As befits a Lexus, the ride is smooth though, managing to smother most of the road into submission. The performance is punchy enough, particularly between 4000-6000rpm, the gear-changes look after themselves, or you can enjoy taking charge by using the paddles.

As for the handling – well if you didn’t already read our launch report it’s incredible verging on spooky. It feels as stable as a four-wheel drive, but with an element of rear-wheel drive naughtiness about it. It’s not as rigid as Quattro and allows more movement, yet keeps things under check at all time. In fact, with the LDH rear-wheel steer, when you think you’re sliding the back end out, all that’s actually happening is that the rear steering is compensating for your eagerness. It’s the best of both worlds in some ways – it’s keeping your safe, and letting you think you’re drifting.

But that much we established on the track. What we wanted to know was if it was as desirable on the road.

And the answer is yes, definitely. Apart from the fact that this car got attention, looks and even people stopping and asking me about the new GS, the fact is that whilst you might be initially miffed at spending a seemingly outlandish sum of money on the car, very soon, you’d forget that and just be totally delighted with your purchase. It’s just so likeable.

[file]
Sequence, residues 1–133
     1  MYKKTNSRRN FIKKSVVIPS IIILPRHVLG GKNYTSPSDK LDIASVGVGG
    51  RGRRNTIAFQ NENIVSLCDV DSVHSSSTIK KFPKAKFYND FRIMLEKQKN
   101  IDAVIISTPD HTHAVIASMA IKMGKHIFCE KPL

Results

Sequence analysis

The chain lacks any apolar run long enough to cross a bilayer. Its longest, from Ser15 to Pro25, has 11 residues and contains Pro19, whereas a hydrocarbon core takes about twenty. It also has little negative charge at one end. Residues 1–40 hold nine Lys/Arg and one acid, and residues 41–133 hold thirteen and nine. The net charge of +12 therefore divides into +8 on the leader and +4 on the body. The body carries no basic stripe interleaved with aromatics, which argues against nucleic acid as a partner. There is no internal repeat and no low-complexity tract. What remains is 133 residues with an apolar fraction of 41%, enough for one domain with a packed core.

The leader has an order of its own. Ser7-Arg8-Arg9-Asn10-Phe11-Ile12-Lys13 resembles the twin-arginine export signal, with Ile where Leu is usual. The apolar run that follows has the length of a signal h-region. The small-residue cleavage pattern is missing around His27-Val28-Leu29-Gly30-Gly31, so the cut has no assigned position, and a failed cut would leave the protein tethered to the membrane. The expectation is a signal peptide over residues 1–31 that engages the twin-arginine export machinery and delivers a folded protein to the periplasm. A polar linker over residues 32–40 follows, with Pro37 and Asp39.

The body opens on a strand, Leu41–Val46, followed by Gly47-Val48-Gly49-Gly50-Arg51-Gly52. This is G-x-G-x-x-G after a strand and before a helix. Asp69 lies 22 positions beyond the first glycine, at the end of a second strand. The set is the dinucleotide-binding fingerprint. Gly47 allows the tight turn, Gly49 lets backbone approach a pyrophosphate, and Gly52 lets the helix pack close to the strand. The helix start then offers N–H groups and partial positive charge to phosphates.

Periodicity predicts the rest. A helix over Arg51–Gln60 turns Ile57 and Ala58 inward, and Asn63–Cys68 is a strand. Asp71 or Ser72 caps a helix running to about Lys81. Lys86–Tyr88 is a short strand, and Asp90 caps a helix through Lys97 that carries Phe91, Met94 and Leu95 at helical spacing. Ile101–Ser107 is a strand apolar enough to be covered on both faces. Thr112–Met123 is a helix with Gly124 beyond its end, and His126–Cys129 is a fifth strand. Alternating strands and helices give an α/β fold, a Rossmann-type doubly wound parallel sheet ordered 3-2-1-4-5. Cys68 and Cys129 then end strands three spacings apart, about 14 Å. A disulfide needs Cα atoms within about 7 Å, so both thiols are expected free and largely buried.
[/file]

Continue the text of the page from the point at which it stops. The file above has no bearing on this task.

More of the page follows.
The interior is spacious and the seats are comfortable, the fit and finish is on par with the best, the trim is exquisitely presented and delightful to the touch, and everything is where you’d expect. You get used to the mouse-style joy stick that operates the big screen, and we do mean big – it’s a massive 12.3-inch hi-res screen with superb graphics, and controls the climate, entertainment, trip computer and settings such as Bluetooth which even does brilliant audio streaming through the 17-speaker premium sound system.

For the F-Sport in particular you get smooth striated aluminium trim on the dashboard panels instead of wood, unique perforated leather trim, black headline, aluminium pedals and F-Sport badging. The driver’s seats has 16-way electric adjustment with powered side-bolsters. And of course the cabin is a massive leap forward from the dour Toyota identikit style of the previous car. And it’s not just you, the rear bench is also comfortable with very decent leg, head and shoulder room even for the larger amongst us. Okay, it doesn’t threaten the flagship LS, but few will be complaining.